Tite also knows how to win trophies. With the Sao Paulo club team Corinthians, he won the Brazilian championship in 2011, then the South America-wide Libertadores trophy and FIFA Club World Cup a year later, with a team famed for its robust defense. He had left the club by the time Brazil suffered its humiliating defeat to Germany, and expected to be offered the job as national team coach when Felipe Scolari quit. “When I was not selected for the job, I will be honest … I was frustrated, pissed off, very sad,” he said in a recent interview for the Players’ Tribune.
Instead of mourning, Tite spent a week with Carlo Ancelotti, one of Europe’s most successful coaches, then at Real Madrid. “He shared the data he collected on the players, the training philosophies, the strategic planning. For me, this was like going to the candy shop,” said Tite, who has filled notebooks with annotations on tactics from every match in the last three World Cups.
He also visited Carlos Bianchi at Boca Juniors, who told him how he had made Corinthians into such a mentally strong team that the Argentine club had been unable to rile them into losing their balance. Then he went back to Corinthians and created an attacking team that won another Brazilian championship, this time with flair. The beautiful game, as it is called in Brazil.
When the call to manage Brazil finally came, Tite was ready. Since then, he has taught Brazil how to win again. So much so that many Brazilians would prefer he took over the country’s government from widely despised President Michel Temer — in polls, 15 percent of Brazilians said they would vote for him, though he shows no sign of standing.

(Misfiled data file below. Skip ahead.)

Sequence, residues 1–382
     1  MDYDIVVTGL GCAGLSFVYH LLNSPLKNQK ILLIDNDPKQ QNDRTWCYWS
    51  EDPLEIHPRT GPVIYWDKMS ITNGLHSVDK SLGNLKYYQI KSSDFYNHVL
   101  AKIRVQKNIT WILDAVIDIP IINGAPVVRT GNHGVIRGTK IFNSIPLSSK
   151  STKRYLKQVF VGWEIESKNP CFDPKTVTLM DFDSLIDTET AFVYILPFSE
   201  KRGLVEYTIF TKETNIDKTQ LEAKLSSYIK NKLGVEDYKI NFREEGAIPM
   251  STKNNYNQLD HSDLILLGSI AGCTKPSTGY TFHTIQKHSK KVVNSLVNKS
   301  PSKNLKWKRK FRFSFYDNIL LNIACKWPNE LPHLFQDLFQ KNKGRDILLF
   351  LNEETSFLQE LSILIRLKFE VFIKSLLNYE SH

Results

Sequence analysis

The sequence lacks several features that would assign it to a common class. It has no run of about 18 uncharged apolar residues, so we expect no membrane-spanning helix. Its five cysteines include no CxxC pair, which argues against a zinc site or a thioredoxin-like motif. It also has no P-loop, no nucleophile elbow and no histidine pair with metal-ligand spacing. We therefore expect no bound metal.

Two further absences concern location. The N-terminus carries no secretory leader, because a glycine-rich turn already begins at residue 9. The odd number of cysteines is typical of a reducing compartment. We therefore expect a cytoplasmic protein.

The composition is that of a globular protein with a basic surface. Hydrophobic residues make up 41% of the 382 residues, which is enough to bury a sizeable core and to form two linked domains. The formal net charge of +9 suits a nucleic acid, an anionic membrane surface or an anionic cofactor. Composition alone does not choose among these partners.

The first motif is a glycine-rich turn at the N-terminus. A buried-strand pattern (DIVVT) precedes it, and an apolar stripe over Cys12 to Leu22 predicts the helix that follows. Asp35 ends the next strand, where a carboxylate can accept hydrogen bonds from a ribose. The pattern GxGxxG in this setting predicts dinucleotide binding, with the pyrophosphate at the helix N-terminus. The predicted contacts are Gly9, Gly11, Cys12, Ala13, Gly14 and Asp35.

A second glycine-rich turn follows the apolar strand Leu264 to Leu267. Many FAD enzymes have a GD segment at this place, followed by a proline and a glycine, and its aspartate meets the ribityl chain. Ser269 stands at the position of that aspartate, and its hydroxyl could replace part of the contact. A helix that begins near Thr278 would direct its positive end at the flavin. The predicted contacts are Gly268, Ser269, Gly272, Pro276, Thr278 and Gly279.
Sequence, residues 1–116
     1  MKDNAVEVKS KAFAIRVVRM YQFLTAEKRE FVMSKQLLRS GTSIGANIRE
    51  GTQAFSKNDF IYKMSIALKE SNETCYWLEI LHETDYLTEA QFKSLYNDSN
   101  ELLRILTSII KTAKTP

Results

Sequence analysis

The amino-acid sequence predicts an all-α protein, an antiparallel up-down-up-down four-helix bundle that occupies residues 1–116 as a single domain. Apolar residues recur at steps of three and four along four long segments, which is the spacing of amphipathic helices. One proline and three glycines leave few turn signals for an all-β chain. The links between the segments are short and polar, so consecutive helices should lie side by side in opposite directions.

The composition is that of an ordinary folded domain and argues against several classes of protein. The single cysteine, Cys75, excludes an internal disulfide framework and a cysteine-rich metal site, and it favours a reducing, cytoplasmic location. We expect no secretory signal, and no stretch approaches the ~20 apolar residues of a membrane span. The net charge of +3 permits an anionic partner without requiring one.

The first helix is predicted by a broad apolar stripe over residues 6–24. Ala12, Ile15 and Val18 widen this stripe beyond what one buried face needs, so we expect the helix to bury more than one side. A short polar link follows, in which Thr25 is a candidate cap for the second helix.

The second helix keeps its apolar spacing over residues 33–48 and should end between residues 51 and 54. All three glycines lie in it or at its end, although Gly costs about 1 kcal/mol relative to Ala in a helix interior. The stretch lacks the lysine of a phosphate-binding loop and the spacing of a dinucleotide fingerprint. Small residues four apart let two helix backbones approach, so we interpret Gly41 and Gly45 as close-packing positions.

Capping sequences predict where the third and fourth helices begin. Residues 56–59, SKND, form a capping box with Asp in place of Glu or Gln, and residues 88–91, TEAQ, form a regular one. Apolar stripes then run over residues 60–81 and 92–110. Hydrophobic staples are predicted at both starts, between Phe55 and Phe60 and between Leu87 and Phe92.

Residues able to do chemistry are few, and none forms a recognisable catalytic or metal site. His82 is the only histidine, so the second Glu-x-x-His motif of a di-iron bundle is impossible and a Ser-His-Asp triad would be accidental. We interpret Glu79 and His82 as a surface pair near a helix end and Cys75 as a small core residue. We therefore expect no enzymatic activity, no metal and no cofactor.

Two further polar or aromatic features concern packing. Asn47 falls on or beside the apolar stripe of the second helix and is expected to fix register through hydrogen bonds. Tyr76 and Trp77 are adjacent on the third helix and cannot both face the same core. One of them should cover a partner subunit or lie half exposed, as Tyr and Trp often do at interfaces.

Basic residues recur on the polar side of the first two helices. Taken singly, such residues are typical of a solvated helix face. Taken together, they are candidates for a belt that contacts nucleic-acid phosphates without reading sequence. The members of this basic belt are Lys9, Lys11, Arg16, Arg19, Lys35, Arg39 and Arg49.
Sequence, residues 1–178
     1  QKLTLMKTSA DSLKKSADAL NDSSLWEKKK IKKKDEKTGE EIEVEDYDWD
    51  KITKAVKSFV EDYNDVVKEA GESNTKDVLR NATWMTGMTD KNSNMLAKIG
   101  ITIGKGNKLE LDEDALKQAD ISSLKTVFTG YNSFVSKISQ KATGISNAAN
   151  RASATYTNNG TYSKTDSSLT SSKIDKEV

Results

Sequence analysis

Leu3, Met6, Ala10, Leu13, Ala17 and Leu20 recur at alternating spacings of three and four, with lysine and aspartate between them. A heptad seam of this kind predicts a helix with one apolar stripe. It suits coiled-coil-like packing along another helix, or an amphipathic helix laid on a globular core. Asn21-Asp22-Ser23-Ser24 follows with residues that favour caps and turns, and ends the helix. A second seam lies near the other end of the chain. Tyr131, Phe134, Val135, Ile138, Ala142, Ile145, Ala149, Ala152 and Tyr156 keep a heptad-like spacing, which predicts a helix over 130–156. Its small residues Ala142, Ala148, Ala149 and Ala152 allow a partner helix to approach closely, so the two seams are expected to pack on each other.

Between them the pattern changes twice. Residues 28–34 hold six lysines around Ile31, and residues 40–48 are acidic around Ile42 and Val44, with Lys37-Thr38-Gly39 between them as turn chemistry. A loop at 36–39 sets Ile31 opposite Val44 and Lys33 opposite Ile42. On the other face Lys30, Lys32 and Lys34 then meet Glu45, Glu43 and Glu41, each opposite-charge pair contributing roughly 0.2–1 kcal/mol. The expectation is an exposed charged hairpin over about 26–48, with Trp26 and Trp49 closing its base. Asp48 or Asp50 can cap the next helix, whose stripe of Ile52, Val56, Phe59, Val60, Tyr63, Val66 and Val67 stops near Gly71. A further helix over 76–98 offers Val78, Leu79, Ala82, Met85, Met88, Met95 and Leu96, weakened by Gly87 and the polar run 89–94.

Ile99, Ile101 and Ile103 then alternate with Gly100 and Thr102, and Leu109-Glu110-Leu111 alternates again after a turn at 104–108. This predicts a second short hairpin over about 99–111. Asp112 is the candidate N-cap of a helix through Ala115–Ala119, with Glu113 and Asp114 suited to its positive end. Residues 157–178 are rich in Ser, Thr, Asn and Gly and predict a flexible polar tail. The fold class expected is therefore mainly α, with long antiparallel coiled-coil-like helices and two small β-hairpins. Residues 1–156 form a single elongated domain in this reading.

“People often refer to him as a kind of messiah in Brazil. He reminds me of a U.S. self-help guru,” Downie said. “He’s got people believing in Brazil which they had stopped doing after the seven-one.”
Some fret that Brazil suffer from what is called “Neymar dependency.” But the team won recent friendlies against World Cup host Russia and defending champion and nemesis Germany without him.
“They are much less dependent on him and he’s much better,” said Tim Vickery, the Rio-based South American soccer analyst for the BBC. “However one of the tasks will be conciliating Neymar’s individuality with the team and trying to contain Neymar’s petulance.”
Tite’s squad has only three players from Brazil’s domestic leagues — 17 play in Europe against much tougher competition. Midfielder Philippe Coutinho, now with Barcelona, was included in the English Premier League’s 2015 team of the year while at Liverpool. Just 21, Gabriel Jesus’ emergence from a community team in a underprivileged, ramshackle Sao Paulo neighborhood has already entered Brazilian soccer lore. His last-second goal from a long run and deft chip made his club team, Manchester City, the first in English Premier League history to reach 100 points in a season.
Three players on Brazil’s roster were featured in last month’s Champions League final between Liverpool and Real Madrid: attacking defender Marcelo and defensive midfielder Casemiro for the Spanish team, midfielder Firmino for Liverpool. Neymar, Manchester City defender Danilo and Barcelona midfielder Paulinho are among eight players in their late 20s, “that sweet spot that means they’re at the peak of their careers,” according to Downie.
Preoccupied with their country’s economic and political problems, Brazilians have yet to engage with this World Cup as they had those of previous decades. “The world changed, and Brazil is changing too,” said José Roque Jr., a defender on Brazil’s 2002 world championship team. That could change when the games begin. And if Brazilian politicians were subjected to the same pressure as soccer players and coaches, he said, they might they deliver some solutions.
“If politicians were under the same demands, I don’t think the country would be in the state it is,” he said.
More World Cup coverage: